Itineraries: From Hong Kong, lines most often either head north towards China, or west to Vietnam. Hong Kong is another major hub for world cruises.

Flights: Singapore Airlines flies
to Hong Kong 47 times a week through Singapore.

Ho Chi Minh City

Vietnam’s capital best shows its chequered French and Asian influence in the food, with fresh pork baguettes and beef noodle soup served in equal quantities on the streets. By day, visit Independence Palace, Notre Dame Cathedral and the War Remnants Museum, and by night, seat yourself at a streetside bia stall or in a swanky rooftop bar.

Ho Chi MinhLines that sail: Ocean: Azamara Club Cruises, Celebrity Cruises, Cruise & Maritime Voyages, Crystal Cruises, Cunard, Norwegian Cruise Line, MSC Cruises, Oceania Cruises, Ponant, Princess Cruises, Seabourn, Silversea, Regent Seven Seas, Royal Caribbean, Viking Ocean Cruises. River: APT, Avalon Waterways, Scenic, Viking River Cruises, Uniworld.

Itineraries: HCMC is a departure point for ocean and river cruises, most often domestic or down the Mekong Delta to Cambodia.

Flights: Singapore Airlines flies to Ho Chi Minh City 29 times a week through Singapore.

Tokyo

This city juxtaposes past and present like nowhere else in the world. Women in kimono stroll the neon-lit streets of Shinjuku, traditional food is served by robots, and shrines are as much an attraction as the high-rise shopping district of Ginza. This megalopolis was one of the most-visited cities by Australians in 2018 and it has a booming cruise industry.

TokyoLines that sail: Azamara Club Cruises, Celebrity Cruises, Cruise & Maritime Voyages, Crystal Cruises, Cunard, Norwegian Cruise Line, MSC Cruises, Oceania Cruises, Ponant, Princess Cruises, Seabourn, Silversea, Regent Seven Seas, Royal Caribbean, Viking Ocean Cruises.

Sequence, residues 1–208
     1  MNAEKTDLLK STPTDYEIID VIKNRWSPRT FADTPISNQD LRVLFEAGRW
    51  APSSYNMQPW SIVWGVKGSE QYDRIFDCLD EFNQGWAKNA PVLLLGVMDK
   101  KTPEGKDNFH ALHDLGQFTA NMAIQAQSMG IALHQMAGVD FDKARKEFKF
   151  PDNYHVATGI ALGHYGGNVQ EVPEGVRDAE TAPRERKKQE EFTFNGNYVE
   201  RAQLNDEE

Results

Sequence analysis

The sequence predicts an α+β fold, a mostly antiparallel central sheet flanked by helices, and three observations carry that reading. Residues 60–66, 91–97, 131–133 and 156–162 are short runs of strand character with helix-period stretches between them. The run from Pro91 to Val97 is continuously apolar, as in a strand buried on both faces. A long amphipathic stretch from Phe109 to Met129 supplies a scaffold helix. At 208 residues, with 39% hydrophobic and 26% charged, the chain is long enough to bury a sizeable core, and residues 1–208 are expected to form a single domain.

Itineraries: From Yokohama, 40 minutes from Tokyo, ships sail around Japan or to South Korea, with a few longer Asian itineraries, and even Alaska or Russia.

Flights: Singapore Airlines flies to Tokyo 42 times a week through Singapore.

In 1947, when Singapore Airlines first began operating as Malayan Airways, services ran from Singapore to Kuala Lumpur, Ipoh and Penang with three flights per week. They now operate more that 900 flights a week to more than 60 destinations across Asia. Singapore Airlines was the first airline to operate the Airbus A380, with the initial service leaving Singapore for Sydney on 25 October 2007.


Cruise Passenger, in association with Singapore Airlines, is pleased to bring you Take Off – our special fly cruise magazine.

Australia has held the global record for the highest numbers of cruisers per capita for several years now and increasing numbers of us are venturing further afield to explore the world by sea. Last year, more than 300,000 of us took to the skies to cruise, up three per cent on 2017.

In this special edition on Fly Cruise, find the top destinations for Aussie cruisers as well as cabin crew secrets to make your journey a joy.

And on page 12, we’re giving readers the opportunity to win two tickets to Singapore with Singapore Airlines. Don’t miss out!